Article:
And what about individual bonds?
Bonds are known as the reliable workhorses of any portfolio. They exist to protect principal, building a foundation that investors rely on even when everything else goes to pot. Bond funds are mutual funds that invest primarily in bonds and can be made up of bonds from many different issuers and could provide more fluctuation in return. These funds allow investors to get the benefit of bond investments but without having to research each individual issuer’s credit rating. And bond funds might pay monthly or quarterly dividends instead of the semi-annual interest from a bond. However, just like any investment, there are risks associated with bond funds that investors should be aware of.
What’s the risk?
Bond prices fluctuate based on different things: including changes in the issuer's credit rating and movements in interest rates.
The market price of bonds tends to decline when prevailing interest rates rise which means bonds inside a bond fund will also decline during these times. This is interest rate risk. Bond funds carry even greater interest rate risk than individual bonds because the bond fund investor is fully exposed to the possibility of falling prices. Also, depending on how the bond mutual fund is managed, the investor could lose money if management is selling off bonds (even if they don’t want to) because investors are requesting redemptions. And since you don’t own the individual bond there is no set maturity date so the value can fluctuate a great deal.
Is preserving principal and stability a priority for you? If so, an individual bond may be more appropriate than a bond fund. Even though individual bond value goes down as well in a rising interest rate environment, you will still get your principal back because you can hold the bond until maturity. This is not always the case with a bond fund.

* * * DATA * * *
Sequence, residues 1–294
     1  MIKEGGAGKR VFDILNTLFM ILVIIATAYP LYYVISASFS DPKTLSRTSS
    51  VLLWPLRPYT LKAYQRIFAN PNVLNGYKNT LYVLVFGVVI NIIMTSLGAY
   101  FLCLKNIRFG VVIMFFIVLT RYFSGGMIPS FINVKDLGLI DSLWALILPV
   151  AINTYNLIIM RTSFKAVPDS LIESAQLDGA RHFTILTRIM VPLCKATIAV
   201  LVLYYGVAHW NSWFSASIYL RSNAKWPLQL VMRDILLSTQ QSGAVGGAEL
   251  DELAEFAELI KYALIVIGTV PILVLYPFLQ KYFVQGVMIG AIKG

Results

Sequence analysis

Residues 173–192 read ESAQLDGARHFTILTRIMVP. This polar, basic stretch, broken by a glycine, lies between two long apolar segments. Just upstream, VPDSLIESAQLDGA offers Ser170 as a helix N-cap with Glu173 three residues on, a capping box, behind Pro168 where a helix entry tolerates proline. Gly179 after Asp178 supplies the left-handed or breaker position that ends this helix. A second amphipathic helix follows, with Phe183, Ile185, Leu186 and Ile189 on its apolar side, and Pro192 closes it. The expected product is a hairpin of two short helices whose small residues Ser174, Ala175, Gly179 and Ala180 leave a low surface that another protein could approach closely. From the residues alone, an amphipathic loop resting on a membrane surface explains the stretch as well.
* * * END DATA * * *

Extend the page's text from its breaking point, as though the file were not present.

How to use bonds and bond funds?
Individual Bonds: When Interest Rates Are Rising
In a rising interest rate environment, some investors may purchase individual bonds to take advantage of the stable principal and interest received. You could employ a laddering approach where you buy bonds at different maturity dates.
Bond Funds: When Interest Rates Are Declining or not enough capital to buy individual bonds
When interest rates are on the decline then bond prices will be rising. This could be a time for you and your Financial Advisor to consider what fits within your overall portfolio.
Rather than assuming all bonds are ‘safe’ investments, you should carefully review your options and be aware of what is happening with interest rates.
In the face of change and loss, the worst thing to do is panic. Be wary of purchasing bond funds in a rising interest rate environment. Talk with your financial advisor about the best strategies for your portfolio based on your financial goals and position.
Investing in mutual funds is subject to risk and loss of principal. There is no assurance or certainty that any investment strategy will be successful in meeting its objectives. Investors should consider the investment objectives, risks and charges and expenses of the funds carefully before investing. The prospectus contains this and other information about the funds. Contact Brooke C. Goldstein at email@example.com or (424) 363-1787 to obtain a prospectus, which should be read carefully before investing or sending money